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What Is Serum Cholesterol?

Serum cholesterol is the total amount of cholesterol found in your blood. It is a soft, waxy substance found in the blood and cells of the body. Contrary to popular belief cholesterol is not all bad. It is in fact an integral part of cell membranes, used as to make hormones and is a vital ingredient in many other physiological processes. There are several types of cholesterol found in the blood. The measurement of serum cholesterol encompasses all these different types. Some types are more beneficial than others.

Types of Cholesterol

A lipoprotein is a carrier molecule made up of proteins and lipids. The core of the lipoprotein contains lipids and the outer surface is made up of phospholipids, apoproteins and cholesterol. This is how cholesterol is transported in the blood. Different carrier molecules differ in the ratio of lipid and apoprotein which they contain. The two main types of cholesterol include:

LDL (low density lipoprotein) Cholesterol: LDL cholesterol has been dubbed "bad cholesterol." LDL cholesterol primarily transports cholesterol and other lipids from the liver to other cells in the body via the bloodstream. Unfortunately as LDL cholesterol travels through the blood, it can get deposited into artery walls. In an attempt to clean up the lodged cholesterol, white blood cells flock to the area. Gradually, a bump known as a plaque builds up in the area, containing the lodged cholesterol, dead cells and debris. Such plaques cause a hardening of the arteries, also known as atherosclerosis.  Furthermore, should the surface of the plaque rupture, blood clots can form, increasing the risk of a heart attack. The cells beyond the blockage are blocked from the blood flow and die as they don’t receive nutrients. It is then more desirable to have lower levels of LDL cholesterol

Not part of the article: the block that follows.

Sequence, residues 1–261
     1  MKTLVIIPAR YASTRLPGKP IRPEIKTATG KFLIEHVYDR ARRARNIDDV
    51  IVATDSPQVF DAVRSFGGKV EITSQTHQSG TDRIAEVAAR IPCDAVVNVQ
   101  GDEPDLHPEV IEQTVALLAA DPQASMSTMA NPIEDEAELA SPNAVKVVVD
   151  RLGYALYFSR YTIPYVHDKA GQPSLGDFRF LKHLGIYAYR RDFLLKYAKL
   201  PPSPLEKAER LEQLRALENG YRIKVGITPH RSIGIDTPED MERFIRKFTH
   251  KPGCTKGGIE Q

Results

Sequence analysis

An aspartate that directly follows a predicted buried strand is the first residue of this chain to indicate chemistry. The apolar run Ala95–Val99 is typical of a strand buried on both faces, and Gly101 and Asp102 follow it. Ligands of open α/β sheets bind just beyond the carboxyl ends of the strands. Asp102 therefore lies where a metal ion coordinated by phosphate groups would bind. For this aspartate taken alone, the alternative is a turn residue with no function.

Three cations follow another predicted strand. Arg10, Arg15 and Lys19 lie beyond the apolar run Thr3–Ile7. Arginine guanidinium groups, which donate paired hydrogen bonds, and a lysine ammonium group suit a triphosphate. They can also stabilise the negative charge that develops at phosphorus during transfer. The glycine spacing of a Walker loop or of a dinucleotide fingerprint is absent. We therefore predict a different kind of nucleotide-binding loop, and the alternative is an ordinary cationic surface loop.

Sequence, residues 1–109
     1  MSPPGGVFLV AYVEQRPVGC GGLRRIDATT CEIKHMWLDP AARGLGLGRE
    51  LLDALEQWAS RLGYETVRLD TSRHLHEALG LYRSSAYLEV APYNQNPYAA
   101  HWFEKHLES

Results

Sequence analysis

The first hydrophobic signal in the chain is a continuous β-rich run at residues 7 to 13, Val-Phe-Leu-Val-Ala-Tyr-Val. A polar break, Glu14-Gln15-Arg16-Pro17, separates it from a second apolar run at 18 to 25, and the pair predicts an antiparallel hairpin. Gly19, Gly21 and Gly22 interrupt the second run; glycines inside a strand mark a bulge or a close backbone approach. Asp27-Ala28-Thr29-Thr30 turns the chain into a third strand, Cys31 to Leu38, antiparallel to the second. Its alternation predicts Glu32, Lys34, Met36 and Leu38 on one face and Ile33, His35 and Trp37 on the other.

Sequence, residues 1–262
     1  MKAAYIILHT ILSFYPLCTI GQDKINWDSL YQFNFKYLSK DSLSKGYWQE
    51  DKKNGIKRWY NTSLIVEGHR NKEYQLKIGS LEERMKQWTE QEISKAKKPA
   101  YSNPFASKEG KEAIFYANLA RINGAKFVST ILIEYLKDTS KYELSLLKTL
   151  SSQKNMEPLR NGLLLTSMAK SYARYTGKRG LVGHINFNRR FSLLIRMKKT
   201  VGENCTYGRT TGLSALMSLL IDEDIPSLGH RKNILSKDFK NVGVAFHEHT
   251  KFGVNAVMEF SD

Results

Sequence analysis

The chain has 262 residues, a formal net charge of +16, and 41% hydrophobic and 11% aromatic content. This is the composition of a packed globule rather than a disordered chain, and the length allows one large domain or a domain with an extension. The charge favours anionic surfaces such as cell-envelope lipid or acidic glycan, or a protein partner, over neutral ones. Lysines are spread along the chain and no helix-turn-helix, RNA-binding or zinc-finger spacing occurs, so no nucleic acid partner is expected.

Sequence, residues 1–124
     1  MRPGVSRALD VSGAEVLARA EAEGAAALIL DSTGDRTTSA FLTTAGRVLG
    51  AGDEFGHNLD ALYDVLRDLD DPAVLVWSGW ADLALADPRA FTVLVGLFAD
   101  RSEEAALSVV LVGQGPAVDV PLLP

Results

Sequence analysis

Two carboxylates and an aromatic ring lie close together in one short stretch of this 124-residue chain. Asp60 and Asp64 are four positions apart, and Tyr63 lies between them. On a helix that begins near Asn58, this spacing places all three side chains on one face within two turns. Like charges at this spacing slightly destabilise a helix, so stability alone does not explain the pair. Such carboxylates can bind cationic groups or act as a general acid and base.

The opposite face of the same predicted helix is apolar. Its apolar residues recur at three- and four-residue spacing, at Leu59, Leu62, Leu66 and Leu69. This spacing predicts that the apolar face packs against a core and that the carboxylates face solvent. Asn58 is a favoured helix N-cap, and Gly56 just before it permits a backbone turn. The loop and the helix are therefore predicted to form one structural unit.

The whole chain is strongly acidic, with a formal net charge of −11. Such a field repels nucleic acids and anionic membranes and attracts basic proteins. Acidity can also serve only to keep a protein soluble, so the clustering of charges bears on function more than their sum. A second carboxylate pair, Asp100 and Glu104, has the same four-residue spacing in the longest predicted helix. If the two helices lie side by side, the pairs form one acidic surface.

HDL (high density lipoprotein) Cholesterol: HDL cholesterol is also known as "good cholesterol."  This is because HDL is said to carry cholesterol away from cell and arteries, back to the liver where it can be disposed of. Note that this is in the opposite direction as LDL cholesterol. This would decrease the rate of formation of plaques and the resulting consequences. Therefore, higher levels of HDL cholesterol are more desirable.

How are serum cholesterol levels measured?

 A cholesterol test is also known as a lipid panel or lipid profile. You would normally be asked to fast for about 9–12 hours, but are allowed to drink water during that time. A blood sample is then taken and tested in a laboratory.

What do your serum cholesterol results mean?

Below 200 md/dl – This is the optimal serum cholesterol reading and you have a low risk of coronary heart disease.

200 – 239 mg/dl – This is considered a borderline to high risk level. In this case, your doctor will analyze your results to see if the levels of LDL cholesterol and the balance of HDL cholesterol. Some lifestyle changes or medication may be suggested by your doctor.

240 mg/dl and above – Individuals is serum cholesterol  levels this high have twice the risk of coronary heart disease compared to those with a reading of below 200 md/dl. Further analysis and potential treatments will be discussed by your doctor.

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